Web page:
My discourse on sex and gender, it turns out, is a discourse on power, identity, lineage, paternal right, and patriarchal might. Needless to say, as it moves from procreation without a genitor and without sex, to sex without identity, and from there to sex without procreation, it is also a discourse on anxiety and decay, on faddish medical interventions and on gender-biased philosophical cover-ups, on the disorder that manufactured and fantasized sexual parts create, on the panic that fear of castration and metamorphosis engenders, and on the regulatory regimes of sexuality that are put in place to keep behaviors on track. Thus it is thoroughly and always a discourse on women.
from Valeria Finucci, The Manly Masquerade: Masculinity, Paternity and Castration in the Italian Renaissance, 35-6.
Why can’t a book on masculinity simply be a book on masculinity? I’m okay with the fact that masculinity obviously will have implications on feminimity (and vice-versa for that matter, especially when feminimity is being constructed by men). But if you’re going to write a book on masculinity, why not let masculinity speak for itself? Men are just as entitled to their own history as women are. Neither can be understood in isolation from each other.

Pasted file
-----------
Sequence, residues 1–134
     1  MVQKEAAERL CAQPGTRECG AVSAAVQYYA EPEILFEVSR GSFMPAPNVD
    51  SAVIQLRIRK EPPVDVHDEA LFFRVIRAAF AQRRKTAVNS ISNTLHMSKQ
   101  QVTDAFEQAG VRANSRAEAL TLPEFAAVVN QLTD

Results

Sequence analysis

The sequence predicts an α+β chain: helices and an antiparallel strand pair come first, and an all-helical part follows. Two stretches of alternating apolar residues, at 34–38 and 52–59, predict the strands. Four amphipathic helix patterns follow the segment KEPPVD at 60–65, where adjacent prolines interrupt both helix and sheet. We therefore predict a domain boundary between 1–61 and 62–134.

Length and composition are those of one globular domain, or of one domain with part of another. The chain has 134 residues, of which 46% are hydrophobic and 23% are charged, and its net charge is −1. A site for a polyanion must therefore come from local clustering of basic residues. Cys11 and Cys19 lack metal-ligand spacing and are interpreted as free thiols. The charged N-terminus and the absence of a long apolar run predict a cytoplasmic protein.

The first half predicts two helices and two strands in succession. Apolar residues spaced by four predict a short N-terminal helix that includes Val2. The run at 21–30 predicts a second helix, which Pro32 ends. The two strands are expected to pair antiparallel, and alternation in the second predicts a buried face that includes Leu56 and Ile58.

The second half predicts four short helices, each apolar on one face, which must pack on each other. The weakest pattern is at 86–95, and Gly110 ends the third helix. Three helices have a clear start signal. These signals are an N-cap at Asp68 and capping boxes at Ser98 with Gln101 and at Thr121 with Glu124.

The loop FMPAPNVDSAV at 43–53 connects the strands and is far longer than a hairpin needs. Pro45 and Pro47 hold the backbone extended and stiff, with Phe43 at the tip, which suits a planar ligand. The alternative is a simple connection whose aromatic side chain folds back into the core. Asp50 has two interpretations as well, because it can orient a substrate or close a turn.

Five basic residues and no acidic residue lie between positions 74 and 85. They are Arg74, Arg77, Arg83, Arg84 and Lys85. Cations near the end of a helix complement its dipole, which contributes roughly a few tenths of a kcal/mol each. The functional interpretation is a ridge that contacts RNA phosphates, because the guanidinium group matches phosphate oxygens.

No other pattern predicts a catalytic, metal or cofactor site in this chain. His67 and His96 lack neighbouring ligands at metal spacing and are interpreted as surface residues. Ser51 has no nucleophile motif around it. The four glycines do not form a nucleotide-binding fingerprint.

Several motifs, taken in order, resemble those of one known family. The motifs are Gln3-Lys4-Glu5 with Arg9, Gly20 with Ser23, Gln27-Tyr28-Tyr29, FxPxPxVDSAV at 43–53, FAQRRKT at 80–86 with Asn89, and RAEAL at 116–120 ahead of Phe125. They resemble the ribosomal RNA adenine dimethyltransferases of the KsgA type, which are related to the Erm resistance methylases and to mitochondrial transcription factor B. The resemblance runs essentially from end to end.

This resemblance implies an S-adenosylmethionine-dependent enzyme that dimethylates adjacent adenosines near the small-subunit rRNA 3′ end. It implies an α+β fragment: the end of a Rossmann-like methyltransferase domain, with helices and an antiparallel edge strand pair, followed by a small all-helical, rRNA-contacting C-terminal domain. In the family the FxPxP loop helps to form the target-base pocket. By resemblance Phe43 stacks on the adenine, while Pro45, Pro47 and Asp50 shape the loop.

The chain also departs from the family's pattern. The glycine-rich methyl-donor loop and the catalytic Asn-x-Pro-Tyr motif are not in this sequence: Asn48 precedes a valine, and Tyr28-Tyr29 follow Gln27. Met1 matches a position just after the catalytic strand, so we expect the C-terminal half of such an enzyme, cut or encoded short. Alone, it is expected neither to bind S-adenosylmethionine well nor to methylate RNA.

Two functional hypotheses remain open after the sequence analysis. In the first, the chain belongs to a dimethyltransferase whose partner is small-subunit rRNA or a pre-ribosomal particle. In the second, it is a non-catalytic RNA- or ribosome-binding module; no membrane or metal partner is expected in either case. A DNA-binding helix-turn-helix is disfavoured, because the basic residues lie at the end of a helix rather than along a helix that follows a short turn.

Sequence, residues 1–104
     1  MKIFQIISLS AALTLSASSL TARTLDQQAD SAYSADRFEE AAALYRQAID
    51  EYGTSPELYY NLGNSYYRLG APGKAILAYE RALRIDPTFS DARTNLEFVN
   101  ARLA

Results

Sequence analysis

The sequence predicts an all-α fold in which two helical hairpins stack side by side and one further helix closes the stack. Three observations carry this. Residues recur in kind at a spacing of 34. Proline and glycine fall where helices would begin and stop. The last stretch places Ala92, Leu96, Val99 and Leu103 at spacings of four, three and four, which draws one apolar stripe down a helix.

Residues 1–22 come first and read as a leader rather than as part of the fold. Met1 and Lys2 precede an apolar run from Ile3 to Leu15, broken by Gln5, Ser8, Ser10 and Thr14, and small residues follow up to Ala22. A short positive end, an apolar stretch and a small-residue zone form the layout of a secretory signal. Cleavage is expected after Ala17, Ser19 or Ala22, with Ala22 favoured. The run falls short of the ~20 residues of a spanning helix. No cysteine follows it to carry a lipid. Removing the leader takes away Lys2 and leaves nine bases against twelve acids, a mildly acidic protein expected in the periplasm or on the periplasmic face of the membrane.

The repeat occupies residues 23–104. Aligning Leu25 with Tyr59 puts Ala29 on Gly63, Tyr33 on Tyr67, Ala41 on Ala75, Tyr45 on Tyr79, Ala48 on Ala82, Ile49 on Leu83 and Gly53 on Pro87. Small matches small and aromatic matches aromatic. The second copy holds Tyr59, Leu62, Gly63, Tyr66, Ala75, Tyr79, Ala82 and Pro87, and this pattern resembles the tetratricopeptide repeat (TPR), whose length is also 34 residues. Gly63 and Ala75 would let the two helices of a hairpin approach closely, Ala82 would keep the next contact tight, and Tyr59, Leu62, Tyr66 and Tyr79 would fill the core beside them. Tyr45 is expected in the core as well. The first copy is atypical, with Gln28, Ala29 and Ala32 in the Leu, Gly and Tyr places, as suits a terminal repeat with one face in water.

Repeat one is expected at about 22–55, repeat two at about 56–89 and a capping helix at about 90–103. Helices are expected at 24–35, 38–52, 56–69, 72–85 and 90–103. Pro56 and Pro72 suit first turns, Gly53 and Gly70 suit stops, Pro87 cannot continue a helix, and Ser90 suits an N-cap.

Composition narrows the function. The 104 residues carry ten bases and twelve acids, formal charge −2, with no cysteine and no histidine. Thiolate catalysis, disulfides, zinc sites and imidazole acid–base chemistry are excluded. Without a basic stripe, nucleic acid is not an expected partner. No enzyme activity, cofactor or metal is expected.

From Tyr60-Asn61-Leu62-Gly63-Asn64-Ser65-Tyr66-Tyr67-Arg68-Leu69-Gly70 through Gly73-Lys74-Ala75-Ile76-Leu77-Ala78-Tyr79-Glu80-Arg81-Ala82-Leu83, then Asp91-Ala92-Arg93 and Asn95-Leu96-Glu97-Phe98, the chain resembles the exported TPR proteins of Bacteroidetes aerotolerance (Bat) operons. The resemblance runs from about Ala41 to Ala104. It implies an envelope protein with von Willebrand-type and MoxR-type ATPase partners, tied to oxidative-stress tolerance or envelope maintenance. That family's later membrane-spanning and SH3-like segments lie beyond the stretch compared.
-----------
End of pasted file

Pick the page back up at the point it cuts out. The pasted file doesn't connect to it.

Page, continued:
One of my big problems, though, with feminist history–at least that I’ve read–is that it tends to focus too much on ‘rescuing’ women’s history from the evil patriarchy of the past in order to assert that women do, indeed, have their own history that is just as valid as the general historical story. No academic worth his or her salt at this point denies this. Women had a specific historical experience that was defined by their gender. Yes. But so did men. Yes, men were the dominant sex, but that doesn’t mean that they weren’t restricted and forced into little socially-constructed costumes, just like women were. Men too, in a lot of ways, were just as much victims of socially-constructed expectations. No doubt it sucked being a woman in the past. It’s difficult to make the argument that it sucked equally as much to be a man since clearly it didn’t, but that doesn’t mean that it was always a walk in the park.
I guess I’m just frustrated because I don’t see how her discourse is ‘thoroughly and always’ on women. I simply do not see that as logically following from what she outlines in this paragraph, or any of what she outlines in rest of her introductory chapter. Why does a book about the social and literary construction of masculinity in the Italian Renaissance have to be, at its base, according to this, a book about women?